LAURA Henshaw was shocked when she arrived home from a trip abroad to letters from the DWP demanding she cough up £1,480.
The 28-year-old nurse from Wandsworth, London, also received debt collection notices – but was given no explanation for why she owed the money.
Struggling to get through to the Department for Work and Pensions (DWP) on the phone, she started to panic over the colossal bill.
“The letters didn't explain the reason why I owed the money – and I was panicking as I had no idea what they were for," said Laura.
After ringing up the debt collection agency (which had been passed her details by the DWP) to get answers, she was told that the money she supposedly owed was linked to a Universal Credit claim.
But this came as a total shock to Laura, who has never applied for Universal Credit or any other benefits before.
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Debt collectors even approached her employer to deduct the amount owed from her salary – but luckily she had recently left her job so her wages weren’t docked.
“Having this hanging over me was incredibly stressful,” Laura said.
“I keep on top of my finances well, and was extremely worried about how this could affect my credit score.”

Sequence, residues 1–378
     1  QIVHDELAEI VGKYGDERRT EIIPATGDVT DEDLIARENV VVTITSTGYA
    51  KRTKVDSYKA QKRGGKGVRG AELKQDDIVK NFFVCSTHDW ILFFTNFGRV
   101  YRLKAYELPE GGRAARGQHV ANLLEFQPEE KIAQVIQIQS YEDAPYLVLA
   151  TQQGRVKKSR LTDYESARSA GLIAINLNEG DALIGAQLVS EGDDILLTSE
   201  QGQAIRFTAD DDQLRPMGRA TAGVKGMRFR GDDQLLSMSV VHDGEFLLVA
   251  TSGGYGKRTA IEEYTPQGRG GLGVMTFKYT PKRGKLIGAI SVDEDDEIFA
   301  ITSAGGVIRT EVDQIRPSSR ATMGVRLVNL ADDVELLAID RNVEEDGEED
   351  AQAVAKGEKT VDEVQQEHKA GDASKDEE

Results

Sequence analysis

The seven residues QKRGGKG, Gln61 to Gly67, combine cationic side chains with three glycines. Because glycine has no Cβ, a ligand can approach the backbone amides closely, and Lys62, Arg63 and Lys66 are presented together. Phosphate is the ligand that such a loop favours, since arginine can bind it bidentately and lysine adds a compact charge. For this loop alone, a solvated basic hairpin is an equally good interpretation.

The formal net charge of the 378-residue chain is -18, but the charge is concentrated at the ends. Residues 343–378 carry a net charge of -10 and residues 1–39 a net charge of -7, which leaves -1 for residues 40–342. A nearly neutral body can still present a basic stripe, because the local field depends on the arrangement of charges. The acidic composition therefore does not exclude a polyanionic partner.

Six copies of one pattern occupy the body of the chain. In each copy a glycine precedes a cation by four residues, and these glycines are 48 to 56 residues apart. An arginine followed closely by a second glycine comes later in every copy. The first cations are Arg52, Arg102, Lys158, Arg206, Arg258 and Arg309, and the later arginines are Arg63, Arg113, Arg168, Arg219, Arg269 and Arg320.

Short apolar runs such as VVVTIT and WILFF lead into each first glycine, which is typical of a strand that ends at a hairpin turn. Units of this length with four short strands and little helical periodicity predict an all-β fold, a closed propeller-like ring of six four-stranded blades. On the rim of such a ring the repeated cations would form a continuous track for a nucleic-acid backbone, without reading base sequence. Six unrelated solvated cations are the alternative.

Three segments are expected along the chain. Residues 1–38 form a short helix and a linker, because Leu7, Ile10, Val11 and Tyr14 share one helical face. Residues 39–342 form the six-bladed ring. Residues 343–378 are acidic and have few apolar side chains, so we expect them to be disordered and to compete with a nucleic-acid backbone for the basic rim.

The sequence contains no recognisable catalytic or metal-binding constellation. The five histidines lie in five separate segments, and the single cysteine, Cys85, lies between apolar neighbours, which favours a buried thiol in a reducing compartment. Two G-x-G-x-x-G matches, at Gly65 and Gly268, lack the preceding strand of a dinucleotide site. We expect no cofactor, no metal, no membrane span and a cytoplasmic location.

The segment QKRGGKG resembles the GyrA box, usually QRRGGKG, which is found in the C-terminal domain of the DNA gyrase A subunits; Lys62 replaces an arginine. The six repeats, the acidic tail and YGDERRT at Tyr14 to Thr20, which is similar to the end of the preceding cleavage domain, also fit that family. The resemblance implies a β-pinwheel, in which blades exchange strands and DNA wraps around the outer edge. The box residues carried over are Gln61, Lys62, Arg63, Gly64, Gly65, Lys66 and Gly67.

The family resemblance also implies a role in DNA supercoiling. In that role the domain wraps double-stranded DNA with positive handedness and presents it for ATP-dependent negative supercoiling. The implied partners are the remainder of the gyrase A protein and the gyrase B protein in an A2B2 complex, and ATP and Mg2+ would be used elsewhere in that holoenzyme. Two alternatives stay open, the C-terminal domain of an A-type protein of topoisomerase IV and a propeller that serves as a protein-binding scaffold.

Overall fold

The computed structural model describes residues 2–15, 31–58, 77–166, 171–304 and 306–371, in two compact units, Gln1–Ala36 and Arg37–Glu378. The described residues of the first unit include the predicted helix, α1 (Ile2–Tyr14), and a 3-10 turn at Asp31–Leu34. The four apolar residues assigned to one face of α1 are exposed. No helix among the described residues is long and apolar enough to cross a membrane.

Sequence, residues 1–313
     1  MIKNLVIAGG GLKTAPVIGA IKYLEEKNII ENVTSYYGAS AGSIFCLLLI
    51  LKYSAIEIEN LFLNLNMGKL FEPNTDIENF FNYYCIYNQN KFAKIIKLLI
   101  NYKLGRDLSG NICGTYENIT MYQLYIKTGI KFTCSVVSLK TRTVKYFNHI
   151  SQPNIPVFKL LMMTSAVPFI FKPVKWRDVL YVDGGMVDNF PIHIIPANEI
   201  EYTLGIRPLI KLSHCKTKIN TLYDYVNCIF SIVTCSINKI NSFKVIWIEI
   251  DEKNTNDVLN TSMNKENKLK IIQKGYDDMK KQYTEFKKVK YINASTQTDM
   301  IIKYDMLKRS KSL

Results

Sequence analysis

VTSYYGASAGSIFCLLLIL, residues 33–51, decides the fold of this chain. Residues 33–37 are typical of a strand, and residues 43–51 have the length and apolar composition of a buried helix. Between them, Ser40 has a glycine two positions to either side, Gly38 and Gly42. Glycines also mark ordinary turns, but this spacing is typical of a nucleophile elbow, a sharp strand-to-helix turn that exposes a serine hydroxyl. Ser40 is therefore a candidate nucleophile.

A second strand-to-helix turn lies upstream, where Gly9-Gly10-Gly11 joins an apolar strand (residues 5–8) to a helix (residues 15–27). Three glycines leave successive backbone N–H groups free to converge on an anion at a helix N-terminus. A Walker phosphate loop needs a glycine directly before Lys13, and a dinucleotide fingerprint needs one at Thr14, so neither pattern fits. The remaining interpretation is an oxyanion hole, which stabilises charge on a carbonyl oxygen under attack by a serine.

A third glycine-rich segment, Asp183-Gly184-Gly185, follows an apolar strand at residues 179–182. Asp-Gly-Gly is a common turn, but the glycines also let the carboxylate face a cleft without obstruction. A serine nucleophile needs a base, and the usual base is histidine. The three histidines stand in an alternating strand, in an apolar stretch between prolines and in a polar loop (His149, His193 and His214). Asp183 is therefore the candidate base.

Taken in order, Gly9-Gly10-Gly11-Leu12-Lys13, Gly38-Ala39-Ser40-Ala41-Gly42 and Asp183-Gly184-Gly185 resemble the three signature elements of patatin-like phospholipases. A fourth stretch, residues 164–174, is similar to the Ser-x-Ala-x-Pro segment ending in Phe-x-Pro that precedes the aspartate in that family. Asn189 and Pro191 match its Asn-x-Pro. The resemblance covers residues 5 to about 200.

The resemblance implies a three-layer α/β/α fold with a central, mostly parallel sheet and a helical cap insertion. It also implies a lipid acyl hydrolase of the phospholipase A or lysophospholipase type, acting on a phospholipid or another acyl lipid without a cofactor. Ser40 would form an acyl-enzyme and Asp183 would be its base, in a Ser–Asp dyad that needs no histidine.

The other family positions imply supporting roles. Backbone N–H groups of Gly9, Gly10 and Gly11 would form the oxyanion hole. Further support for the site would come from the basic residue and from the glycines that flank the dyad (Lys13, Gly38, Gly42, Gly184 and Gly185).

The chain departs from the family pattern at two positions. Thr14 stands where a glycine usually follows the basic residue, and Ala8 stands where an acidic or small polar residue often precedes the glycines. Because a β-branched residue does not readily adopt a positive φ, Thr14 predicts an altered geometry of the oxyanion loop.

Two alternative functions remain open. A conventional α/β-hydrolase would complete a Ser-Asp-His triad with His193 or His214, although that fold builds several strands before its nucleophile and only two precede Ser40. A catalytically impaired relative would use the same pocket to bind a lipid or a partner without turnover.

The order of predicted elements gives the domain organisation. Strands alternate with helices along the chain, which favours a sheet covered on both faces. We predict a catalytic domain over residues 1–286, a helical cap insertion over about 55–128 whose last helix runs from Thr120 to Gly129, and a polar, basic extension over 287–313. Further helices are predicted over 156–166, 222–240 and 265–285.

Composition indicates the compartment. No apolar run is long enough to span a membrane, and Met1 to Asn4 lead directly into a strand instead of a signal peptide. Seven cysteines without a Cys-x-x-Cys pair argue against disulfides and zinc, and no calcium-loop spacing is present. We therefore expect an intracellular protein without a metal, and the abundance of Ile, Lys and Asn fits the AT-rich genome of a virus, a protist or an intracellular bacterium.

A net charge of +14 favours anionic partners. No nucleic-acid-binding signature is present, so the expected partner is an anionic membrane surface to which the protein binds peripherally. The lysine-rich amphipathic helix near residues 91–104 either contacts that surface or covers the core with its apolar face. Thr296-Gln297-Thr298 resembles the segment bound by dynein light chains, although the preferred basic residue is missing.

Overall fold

Laura got in touch with The Sun’s Squeeze Team to help her get to the bottom of this mystery bill.
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After The Sun asked the DWP to investigate, it found that a fraudulent claim for Universal Credit had been made under Laura’s name.
Crooks had applied for the benefit and then requested a Universal Credit advance payment.
This is when you can apply for an emergency loan to help you get through the five week wait for your first Universal Credit payment.
The DWP paid out £1,480 in advance payment loans to the scammers, who pocketed the cash and never paid it back.
However, the DWP confirmed to The Sun that Laura’s debt would be wiped clean.
“We have confirmed that Laura’s case is one of identity fraud and have written to inform her that she will not repay any debt associated with this.”
The spokesperson also confirmed Laura will not have any marks on her credit file.
It comes as the DWP launched a £613million plan in May to put an end to the billions of pounds being lost in benefit mistakes and fraud.
A new team of 2,000 staff has been hired to comb through more than two million Universal Credit claims that could be incorrect or are suspicious.
It means the DWP can execute warrants, search and seize evidence, and even make arrests while tracking down these claims.
What to do if you think you've been a victim of fraud
If you think you've been scammed like Laura, the first point of call is to contact the DWP.
There's a specific helpline you should call if you receive a letter like this which is: 0800 916 0647.
Make sure you have evidence to hand that shows you did not make the claim yourself.
For cases of fraud, call your bank immediately using the number on the back of the card.
Tell Action Fraud, report it online or by calling 0300 123 2040 (Monday to Friday, 8am-8pm).
It will tell the police and give you a crime reference number.
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